The city of St. Louis played host, in the 1920s and 1930s, to one of the most distinctive and vital blues scenes ever documented on record. Like Memphis and Atlanta, St. Louis served as a sort of magnet, attracting musicians from the surrounding hinterlands and providing performance opportunities that were not available out in the country. Many of the St. Louis musicians were transplanted Mississippians, like Charley Jordan, while others, like Clifford Gibson and Teddy Darby, originally hailed from Kentucky. The various early influences that the music of these players displayed ended up coalescing into something that might be called the “St. Louis sound”.
A masterpiece from the King. One of Will Friedwald's DIDs.
24-bit remastered French exclusive compilation is packaged in a well designed digipak. 24 tracks performed by Louis Armstrong with various ensembles, His Hot Five, His Hot Seven, His Orchestra, Savoy Ballroom Five & others.
The set Roots N' Blues features many hours worth of early blues, folk/country and gospel recordings from a variety of American artists.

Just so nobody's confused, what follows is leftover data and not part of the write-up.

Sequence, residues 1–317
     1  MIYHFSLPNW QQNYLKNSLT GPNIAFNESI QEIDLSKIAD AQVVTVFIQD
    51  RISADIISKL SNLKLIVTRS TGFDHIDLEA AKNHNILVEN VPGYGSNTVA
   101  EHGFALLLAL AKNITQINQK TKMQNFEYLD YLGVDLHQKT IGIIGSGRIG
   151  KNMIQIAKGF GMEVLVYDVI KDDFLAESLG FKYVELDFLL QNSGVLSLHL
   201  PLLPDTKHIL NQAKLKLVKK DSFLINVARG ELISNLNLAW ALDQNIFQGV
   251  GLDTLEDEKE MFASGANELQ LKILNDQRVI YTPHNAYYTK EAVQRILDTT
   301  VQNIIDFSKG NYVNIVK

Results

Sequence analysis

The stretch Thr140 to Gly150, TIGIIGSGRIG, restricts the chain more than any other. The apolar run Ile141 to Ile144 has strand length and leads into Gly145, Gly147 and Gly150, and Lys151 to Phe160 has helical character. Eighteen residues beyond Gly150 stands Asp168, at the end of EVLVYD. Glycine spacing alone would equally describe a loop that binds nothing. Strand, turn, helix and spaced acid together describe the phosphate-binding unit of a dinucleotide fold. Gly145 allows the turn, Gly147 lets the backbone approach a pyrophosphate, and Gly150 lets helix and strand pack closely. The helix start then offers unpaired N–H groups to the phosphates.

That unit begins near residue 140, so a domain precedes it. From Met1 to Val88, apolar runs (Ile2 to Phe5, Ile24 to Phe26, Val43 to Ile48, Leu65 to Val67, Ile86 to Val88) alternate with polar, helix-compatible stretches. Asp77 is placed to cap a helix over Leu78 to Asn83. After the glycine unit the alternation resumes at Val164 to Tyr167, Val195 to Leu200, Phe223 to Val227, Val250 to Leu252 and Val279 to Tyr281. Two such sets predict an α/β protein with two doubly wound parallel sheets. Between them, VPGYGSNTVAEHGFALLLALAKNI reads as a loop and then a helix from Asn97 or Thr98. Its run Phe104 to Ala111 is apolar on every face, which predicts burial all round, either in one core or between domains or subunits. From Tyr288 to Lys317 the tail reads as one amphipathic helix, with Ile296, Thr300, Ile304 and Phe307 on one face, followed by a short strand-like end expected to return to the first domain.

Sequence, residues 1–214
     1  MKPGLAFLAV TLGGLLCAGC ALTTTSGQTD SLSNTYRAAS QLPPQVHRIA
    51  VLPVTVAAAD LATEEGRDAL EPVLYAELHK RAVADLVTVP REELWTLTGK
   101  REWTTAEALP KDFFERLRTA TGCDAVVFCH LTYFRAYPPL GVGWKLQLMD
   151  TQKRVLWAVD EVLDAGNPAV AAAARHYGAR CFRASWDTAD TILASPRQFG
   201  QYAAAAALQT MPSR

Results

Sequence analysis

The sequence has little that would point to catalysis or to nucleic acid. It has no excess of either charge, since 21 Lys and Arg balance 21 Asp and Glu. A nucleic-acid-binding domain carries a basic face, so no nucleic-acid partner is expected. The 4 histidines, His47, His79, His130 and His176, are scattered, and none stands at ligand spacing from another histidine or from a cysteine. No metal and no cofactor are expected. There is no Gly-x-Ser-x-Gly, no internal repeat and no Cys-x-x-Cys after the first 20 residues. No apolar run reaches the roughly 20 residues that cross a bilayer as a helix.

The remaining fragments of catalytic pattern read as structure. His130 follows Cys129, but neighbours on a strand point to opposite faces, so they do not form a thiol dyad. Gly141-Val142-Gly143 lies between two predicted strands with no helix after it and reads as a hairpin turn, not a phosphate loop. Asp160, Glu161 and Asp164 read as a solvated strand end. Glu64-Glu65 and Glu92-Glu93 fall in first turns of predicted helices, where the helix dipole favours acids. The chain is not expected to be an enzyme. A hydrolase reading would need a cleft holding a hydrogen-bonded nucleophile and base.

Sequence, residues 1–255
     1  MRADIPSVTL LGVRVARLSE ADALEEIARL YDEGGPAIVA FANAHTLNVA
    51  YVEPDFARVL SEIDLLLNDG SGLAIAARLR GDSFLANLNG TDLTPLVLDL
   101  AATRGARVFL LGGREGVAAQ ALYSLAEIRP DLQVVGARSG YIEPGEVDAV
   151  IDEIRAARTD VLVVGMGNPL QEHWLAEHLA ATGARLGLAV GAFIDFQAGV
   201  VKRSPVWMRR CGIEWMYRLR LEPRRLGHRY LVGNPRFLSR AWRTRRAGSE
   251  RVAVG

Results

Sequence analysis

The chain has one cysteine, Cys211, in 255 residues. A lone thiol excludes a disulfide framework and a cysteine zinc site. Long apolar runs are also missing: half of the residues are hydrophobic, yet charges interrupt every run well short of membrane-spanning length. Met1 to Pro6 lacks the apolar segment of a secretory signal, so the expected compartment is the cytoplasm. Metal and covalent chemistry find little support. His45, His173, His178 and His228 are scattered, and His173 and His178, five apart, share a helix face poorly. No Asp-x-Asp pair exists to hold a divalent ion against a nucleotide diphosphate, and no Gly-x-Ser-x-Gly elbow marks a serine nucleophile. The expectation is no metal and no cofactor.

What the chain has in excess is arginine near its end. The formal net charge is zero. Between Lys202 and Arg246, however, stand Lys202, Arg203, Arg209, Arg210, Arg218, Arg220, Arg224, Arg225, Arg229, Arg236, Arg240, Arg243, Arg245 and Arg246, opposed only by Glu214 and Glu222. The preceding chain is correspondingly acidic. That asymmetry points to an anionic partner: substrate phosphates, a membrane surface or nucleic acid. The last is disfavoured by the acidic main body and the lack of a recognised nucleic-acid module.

CDs from this collection began to appear in the sale of one after the other in early 1998. The collection was designed primarily for fans of blues and those wishing to join him in France, Canada and other French-speaking countries, as its literary part was originally made in French and it seems and has not been translated into other languages.
A wonderful pairing of jazz giant Louis Armstrong with revered father of the blues composer W.C. Handy. These historic sessions from 1954 and 1956 include St. Louis Blues; Loveless Love , plus five previously unreleased tracks.
Part of a Fantasy sampler series that features musicians (and in this case a notable vocalist) performing the blues, this CD features Ella Fitzgerald on 11 performances taken from a variety of sessions. Although she never specialized in the blues, Ella had no difficulty swinging over blues changes and sometimes putting strong emotion into the lowdown variety. There is one song apiece from the 1950s and '60s, while the remainder of the program dates from 1971-1979.